If countries fail to take action to sustainably harvest fish, food security could be at risk, the Ocean Health Index has found.
The index scored food provision just 33 out of 100 globally. The goal measures how well we are sustainably producing seafood, including wild catch fisheries and mariculture.
The low figures suggest that food security could be at risk and will particularly have an impact on parts of the world that depend on seafood as a critical source of high quality protein. Some 37 countries or territories recorded a score of 10 or below.
The index measures the oceans health across 10 goals: artisanal fishing opportunities; biodiversity; costal livelihoods and economies; clean waters; carbon storage; costal protection; sense of place; tourism and recreation; natural products; and food provision.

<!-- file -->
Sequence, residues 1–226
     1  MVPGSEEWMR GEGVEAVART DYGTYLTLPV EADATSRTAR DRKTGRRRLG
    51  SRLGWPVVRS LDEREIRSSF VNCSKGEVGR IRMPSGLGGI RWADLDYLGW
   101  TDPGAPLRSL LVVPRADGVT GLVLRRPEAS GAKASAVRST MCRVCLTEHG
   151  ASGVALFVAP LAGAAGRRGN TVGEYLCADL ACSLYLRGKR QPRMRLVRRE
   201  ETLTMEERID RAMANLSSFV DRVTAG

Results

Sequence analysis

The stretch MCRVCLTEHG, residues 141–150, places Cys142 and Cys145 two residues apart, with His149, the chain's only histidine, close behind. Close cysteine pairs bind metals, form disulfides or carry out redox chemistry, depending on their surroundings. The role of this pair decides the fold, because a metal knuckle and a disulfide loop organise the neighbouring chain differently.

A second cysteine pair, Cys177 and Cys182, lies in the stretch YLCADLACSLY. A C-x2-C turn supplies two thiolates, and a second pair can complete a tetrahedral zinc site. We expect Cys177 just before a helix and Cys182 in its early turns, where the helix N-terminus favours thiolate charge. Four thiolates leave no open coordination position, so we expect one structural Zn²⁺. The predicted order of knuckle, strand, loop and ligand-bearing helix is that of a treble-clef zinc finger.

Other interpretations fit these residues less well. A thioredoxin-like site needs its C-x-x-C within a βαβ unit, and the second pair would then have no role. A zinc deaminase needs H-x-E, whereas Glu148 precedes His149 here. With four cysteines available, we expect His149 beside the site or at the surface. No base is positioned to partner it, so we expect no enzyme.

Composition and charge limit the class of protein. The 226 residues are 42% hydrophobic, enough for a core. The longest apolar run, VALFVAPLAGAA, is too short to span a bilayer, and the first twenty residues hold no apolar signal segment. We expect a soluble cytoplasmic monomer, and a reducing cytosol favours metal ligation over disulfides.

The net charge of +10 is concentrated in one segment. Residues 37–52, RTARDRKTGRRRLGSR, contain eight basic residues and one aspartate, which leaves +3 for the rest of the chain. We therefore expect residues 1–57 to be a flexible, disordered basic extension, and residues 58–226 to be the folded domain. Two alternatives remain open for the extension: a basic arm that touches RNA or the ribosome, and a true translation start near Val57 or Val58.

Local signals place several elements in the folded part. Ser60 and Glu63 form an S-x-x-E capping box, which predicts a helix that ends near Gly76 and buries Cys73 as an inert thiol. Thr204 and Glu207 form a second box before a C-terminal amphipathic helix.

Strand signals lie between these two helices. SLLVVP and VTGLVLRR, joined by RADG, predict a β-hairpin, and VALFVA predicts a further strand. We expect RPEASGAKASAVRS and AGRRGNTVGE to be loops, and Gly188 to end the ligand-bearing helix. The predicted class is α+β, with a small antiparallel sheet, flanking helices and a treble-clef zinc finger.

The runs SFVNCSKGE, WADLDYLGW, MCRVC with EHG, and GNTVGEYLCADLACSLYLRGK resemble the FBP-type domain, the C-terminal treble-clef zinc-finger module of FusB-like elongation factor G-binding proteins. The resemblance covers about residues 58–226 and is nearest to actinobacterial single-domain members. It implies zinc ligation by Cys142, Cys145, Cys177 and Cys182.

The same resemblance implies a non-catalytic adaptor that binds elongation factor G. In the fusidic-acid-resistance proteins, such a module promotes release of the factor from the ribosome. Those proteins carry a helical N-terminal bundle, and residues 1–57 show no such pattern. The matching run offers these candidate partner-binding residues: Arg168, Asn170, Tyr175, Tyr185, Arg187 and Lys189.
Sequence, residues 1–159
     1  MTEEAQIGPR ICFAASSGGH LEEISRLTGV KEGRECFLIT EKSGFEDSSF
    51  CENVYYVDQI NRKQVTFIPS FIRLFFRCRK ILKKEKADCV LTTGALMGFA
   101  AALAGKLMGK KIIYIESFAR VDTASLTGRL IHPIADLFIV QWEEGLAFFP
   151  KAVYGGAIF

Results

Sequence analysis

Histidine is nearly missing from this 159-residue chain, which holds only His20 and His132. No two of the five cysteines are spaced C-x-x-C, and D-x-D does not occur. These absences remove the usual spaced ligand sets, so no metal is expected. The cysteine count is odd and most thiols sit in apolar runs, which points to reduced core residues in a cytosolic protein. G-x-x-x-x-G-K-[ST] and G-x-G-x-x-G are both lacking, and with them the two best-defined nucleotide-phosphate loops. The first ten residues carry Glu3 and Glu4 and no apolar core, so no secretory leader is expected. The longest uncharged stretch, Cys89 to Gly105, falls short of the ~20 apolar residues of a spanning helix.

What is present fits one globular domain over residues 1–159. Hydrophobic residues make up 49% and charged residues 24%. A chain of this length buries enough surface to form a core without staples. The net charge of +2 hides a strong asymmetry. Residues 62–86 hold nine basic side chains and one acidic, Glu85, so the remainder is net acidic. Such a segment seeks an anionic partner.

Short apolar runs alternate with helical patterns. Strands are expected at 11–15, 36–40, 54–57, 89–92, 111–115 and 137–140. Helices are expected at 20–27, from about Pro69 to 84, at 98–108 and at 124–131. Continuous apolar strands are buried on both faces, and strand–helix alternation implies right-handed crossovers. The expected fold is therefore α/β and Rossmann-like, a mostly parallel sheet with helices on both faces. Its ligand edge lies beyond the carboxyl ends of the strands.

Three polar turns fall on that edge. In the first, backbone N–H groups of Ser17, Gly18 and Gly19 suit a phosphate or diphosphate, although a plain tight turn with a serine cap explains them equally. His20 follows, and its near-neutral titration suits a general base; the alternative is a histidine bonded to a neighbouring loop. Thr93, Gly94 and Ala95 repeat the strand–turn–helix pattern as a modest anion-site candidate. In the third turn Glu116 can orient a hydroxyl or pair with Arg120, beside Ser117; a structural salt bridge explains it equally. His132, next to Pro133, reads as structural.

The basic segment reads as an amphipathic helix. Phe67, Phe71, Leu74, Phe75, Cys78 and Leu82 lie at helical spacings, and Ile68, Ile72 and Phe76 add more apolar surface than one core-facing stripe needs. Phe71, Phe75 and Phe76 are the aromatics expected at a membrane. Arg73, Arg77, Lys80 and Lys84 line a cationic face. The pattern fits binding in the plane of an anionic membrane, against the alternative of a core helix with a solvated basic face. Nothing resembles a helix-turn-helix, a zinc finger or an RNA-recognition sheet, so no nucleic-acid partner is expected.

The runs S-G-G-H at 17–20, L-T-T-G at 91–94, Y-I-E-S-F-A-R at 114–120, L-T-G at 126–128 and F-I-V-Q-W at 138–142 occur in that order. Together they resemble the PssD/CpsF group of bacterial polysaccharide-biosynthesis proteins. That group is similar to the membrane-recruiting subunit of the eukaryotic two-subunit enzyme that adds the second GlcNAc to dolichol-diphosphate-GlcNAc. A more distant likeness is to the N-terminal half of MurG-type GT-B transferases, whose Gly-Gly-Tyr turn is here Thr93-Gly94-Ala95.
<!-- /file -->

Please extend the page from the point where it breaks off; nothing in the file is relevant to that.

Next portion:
The cumulative score of the oceans globally stood at 65 out of 100, unchanged from the 2012 index. The results suggest that there is room for improvement for more effective management of the oceans.
Sylvia Earle, explorer-in-residence at National Geographic, said, “The Ocean Health Index provides a quantitative scientific assessment of the human impact on our oceans.
“It reveals the areas that must be improved in order to provide our children and their children a healthy thriving ocean. This must be done as if it’s a matter of life or death – because it is.”
The UK ranks 106 in the Ocean Health Index with a score of 64. This puts the it behind other European nations such as France, Germany and Spain, which scored 73, 68 and 66 respectively.
Ben Halpern, professor at the Bern School of Environmental Science and Management at UC Santa Barbara and the Index’s lead scientist also commented on the findings.
He said, “It’s exciting to release this year’s results because we can now, for the first time, start to see how overall ocean health is changing in each country, and for the planet as a whole.”